A burn-out operation was carried out by Parks staff June 17 which reduced the volatile fuel sources between the fire and key values at risk in the area, including the Pine Lake Recreation Area and Pine Lake Road. The northern flank of the fire has entered an area that burned last year, which has limited growth in that direction. A high volume sprinkler system has been deployed to the Pine Lake area to use for facility protection should it be required. Today’s Danger Level and Fire Status Map.

This fire poses no threat to the community of Fort Smith. Friends of the Wild Whoopers was advised that the fire presents no harm to the wild whooping cranes that are currently nesting in the area.

Wildfire in the distance.
Fire in the distance. Photo provided by John McKinnon. Parks Canada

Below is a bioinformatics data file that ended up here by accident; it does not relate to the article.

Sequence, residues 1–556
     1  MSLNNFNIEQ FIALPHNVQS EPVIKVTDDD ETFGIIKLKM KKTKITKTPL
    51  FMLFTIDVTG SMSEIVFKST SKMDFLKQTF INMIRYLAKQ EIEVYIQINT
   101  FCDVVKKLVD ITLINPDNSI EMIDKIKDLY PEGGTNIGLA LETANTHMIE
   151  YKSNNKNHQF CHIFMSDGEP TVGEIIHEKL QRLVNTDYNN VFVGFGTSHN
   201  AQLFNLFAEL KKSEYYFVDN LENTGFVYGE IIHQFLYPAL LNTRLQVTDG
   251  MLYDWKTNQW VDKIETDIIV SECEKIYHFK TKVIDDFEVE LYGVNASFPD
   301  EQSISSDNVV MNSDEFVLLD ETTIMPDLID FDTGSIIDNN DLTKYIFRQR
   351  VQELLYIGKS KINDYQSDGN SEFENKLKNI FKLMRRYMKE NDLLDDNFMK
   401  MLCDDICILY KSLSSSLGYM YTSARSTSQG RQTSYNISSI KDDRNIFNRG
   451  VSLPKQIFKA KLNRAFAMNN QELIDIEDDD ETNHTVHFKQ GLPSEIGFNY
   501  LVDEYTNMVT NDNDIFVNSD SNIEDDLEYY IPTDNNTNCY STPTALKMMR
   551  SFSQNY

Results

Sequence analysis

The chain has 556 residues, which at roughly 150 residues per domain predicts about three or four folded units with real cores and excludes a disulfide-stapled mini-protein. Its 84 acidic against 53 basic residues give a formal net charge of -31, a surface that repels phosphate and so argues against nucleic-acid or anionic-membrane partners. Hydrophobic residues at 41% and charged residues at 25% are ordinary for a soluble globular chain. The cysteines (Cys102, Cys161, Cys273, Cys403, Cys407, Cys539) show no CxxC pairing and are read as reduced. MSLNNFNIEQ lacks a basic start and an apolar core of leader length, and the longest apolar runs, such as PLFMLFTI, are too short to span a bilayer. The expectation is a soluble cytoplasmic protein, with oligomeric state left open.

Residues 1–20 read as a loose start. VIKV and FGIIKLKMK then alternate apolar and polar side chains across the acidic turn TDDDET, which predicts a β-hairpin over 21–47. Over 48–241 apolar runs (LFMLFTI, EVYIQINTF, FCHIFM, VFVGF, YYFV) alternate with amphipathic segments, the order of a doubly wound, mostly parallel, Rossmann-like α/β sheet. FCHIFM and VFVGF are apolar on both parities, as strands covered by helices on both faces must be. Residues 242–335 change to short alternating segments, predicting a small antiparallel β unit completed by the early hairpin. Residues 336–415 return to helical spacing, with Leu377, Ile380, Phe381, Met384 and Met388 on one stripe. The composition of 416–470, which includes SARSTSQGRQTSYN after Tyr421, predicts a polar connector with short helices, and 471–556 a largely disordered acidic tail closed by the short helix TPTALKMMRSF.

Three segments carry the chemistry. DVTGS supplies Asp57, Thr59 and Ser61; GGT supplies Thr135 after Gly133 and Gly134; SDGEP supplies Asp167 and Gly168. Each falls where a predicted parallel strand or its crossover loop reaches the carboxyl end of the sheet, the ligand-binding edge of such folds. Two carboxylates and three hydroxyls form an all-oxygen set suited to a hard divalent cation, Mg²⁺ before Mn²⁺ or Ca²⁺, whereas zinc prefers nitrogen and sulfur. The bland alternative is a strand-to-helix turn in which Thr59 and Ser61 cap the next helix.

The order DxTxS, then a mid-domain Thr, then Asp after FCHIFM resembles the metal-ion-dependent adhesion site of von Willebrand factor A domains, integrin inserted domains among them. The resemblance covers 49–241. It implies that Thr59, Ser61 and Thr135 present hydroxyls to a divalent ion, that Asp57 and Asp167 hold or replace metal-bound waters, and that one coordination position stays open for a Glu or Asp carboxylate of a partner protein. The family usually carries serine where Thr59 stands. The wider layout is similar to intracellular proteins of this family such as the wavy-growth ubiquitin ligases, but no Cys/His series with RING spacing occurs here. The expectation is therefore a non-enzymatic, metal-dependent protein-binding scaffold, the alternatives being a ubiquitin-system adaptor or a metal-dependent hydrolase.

FOTWW would like to give a special thank you to John David McKinnon of Parks Canada for providing us with this aerial photograph of WBNP.

***** FOTWW’s mission is to protect the Aransas/Wood Buffalo population
of wild whooping cranes and their habitat
. *****

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Wildfires Near Whooping Crane Nesting Area at Wood Buffalo

There are currently four wildfires in Wood Buffalo National Park (WBNP), Canada according to Tim Gauthier, Fire Information Officer. Wood Buffalo is the nesting area of the only remaining self-sustaining population of whooping cranes in the world.

“There is currently no threat to nesting whooping cranes on Wood Buffalo” according to Gauthier. Friends of the Wild Whoopers (FOTWW) learned that Fire 3 is closest to the whooper’s nest but presents no harm to the cranes. Fire 4 is ~35 km SE of the nearest whooping crane nesting area. Gauthier explained that the whooping crane nesting area is located in a vast wetland area and that any fires that do occur there would only burn small tree/brush borders around the wetlands.

wildfire status map at Wood Buffalo National Park Fire